“As the Erbil-Baghdad tension over Kirkuk energy sources continues to grow, it is paving the way for increased Iranian oil exports, a currency swap, an oil-for-goods program and increased banking cooperation — all of which signal new efforts to counter US sanctions, as the previous Turkey-Iran gold trade arrangement was wiped out,” writes Okumus. “The most salient element of this is a deal that will certainly support Iran's efforts to reach its ambitious export target of signing $50 billion to $60 billion worth of oil and gas contracts with foreign companies by March 20, the end of the current Iranian year.”
It is then no surprise that all eyes will again be on Putin, who visits Tehran on Nov. 1 for a trilateral summit with Iranian President Hassan Rouhani and Azerbaijani President Ilham Aliyev.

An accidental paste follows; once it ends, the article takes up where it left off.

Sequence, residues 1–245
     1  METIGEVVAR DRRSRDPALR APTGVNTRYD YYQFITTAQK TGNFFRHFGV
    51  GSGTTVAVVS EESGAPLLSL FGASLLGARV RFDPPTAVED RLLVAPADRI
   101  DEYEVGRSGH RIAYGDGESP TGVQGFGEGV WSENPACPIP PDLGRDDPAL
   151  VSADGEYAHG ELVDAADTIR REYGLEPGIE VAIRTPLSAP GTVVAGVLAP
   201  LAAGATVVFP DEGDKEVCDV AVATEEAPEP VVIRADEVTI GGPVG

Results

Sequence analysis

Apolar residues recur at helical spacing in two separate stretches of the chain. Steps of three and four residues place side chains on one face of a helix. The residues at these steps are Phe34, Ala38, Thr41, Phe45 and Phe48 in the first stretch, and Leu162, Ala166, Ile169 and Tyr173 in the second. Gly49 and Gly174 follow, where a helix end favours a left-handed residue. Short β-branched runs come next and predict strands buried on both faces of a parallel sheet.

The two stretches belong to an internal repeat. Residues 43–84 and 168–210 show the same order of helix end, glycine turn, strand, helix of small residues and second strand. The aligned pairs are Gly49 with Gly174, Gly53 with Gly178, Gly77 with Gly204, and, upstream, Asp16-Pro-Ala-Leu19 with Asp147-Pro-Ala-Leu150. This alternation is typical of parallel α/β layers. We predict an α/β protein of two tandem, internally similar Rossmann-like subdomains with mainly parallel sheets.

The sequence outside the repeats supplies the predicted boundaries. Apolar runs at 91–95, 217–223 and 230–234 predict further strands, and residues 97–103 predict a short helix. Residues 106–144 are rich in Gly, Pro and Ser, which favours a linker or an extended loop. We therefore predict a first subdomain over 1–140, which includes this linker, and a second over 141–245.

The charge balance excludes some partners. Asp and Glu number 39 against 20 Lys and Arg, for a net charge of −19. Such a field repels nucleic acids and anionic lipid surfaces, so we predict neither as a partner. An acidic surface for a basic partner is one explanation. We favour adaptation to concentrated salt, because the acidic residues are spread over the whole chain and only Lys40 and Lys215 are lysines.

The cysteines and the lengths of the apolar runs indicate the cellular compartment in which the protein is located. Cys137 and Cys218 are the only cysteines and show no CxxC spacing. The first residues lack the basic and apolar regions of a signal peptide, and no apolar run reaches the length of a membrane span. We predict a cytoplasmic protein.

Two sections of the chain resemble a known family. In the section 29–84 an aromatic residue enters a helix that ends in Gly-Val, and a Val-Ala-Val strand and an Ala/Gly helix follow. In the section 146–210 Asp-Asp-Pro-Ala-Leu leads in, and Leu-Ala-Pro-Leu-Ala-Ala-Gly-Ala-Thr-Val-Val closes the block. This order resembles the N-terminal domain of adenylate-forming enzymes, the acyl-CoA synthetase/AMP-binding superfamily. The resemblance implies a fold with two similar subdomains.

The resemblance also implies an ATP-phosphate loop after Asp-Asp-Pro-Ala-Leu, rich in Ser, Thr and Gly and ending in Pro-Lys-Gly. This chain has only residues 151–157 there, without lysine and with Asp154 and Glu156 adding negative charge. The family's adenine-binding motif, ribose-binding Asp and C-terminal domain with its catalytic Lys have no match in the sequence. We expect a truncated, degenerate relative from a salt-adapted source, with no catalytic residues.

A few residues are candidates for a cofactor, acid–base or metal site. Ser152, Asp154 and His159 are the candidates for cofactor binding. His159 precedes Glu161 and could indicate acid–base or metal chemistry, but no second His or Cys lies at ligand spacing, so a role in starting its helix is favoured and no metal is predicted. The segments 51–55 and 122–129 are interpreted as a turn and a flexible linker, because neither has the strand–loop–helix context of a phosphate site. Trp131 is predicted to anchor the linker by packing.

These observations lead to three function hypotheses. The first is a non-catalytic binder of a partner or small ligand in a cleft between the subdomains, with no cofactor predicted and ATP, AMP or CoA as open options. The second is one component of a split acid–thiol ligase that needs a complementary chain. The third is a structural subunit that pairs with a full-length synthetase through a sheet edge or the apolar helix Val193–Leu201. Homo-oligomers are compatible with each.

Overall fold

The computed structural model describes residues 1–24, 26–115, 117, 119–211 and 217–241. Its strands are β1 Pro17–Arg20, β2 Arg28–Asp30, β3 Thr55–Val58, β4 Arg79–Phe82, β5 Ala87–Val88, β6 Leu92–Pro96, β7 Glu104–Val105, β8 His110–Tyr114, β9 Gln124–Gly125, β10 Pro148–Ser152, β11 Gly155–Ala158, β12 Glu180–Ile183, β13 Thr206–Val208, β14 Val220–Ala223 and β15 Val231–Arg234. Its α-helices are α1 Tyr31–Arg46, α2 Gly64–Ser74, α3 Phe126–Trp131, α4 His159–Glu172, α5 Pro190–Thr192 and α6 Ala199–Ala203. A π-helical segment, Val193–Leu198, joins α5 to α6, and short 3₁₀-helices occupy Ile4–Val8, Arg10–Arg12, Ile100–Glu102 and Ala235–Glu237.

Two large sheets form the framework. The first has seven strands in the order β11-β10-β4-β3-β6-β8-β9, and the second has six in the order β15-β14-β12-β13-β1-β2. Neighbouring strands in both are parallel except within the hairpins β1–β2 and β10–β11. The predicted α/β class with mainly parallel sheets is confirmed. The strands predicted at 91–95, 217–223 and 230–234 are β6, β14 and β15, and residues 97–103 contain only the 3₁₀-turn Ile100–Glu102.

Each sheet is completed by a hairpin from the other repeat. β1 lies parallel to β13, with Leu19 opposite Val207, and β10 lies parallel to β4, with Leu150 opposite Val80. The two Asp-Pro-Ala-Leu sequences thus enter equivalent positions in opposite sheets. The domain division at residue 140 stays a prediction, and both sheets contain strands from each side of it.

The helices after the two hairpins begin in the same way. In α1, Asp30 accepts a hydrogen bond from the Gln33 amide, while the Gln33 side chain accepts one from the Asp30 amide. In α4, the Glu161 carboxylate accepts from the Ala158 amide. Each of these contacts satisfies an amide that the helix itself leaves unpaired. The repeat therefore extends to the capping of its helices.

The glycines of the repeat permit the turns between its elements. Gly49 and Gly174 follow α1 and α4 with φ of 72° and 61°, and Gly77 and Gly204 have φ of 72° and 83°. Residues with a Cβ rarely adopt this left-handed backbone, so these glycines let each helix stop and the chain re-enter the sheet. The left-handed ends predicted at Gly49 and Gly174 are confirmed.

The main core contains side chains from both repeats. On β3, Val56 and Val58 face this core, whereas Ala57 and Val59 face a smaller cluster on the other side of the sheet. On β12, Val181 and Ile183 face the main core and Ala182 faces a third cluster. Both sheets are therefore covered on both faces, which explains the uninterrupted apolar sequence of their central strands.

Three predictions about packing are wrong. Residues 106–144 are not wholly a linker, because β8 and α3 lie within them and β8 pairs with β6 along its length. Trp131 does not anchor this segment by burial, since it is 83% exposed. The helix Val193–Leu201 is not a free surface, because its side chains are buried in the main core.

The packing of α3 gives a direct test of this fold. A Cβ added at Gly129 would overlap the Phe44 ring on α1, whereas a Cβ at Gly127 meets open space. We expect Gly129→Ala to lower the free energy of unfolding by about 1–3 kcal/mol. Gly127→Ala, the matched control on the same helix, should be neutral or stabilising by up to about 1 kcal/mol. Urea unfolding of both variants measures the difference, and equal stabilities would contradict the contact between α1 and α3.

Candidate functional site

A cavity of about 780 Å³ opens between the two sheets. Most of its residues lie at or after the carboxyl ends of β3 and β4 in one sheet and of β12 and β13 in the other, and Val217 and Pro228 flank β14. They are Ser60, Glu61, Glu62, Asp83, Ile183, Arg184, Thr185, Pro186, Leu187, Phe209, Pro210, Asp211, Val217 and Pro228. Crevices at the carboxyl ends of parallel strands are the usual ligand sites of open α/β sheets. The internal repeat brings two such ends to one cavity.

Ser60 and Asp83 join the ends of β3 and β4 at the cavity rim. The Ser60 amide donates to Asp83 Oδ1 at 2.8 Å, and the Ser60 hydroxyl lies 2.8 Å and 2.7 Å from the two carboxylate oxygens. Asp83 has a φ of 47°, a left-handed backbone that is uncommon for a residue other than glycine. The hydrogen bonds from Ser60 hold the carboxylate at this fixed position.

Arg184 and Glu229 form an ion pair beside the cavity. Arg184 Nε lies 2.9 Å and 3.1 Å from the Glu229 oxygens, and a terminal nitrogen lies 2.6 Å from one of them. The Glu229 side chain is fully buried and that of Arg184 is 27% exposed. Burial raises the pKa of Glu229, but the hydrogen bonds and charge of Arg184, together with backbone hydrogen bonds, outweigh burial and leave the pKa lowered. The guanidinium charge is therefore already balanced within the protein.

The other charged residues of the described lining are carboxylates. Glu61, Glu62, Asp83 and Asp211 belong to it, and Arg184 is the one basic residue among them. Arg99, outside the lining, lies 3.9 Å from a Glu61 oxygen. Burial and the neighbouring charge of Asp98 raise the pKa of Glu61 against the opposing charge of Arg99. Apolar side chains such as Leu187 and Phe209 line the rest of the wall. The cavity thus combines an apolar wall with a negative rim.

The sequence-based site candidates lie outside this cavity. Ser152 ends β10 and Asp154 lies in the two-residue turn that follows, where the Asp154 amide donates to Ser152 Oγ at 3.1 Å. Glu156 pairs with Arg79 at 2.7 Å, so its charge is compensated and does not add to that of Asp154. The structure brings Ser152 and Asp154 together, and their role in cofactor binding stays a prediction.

Syria suggests federal approach to Kurdish region
As the United States considers the transition to Raqqa and other areas liberated from the Islamic State (IS) in Syria, there are signs that the United States may have to accept that Syria, backed by Russia and Iran, will have the edge with regard to post-conflict governance.
This already appears to be happening, as Moscow and Damascus have put forward their own plan for a decentralized approach to the Syrian Kurdish regions.
Although the Syrian Democratic Forces (SDF) are the United States' on-the-ground partner against IS, that has not stopped Syria and Russia from seizing the diplomatic initiative.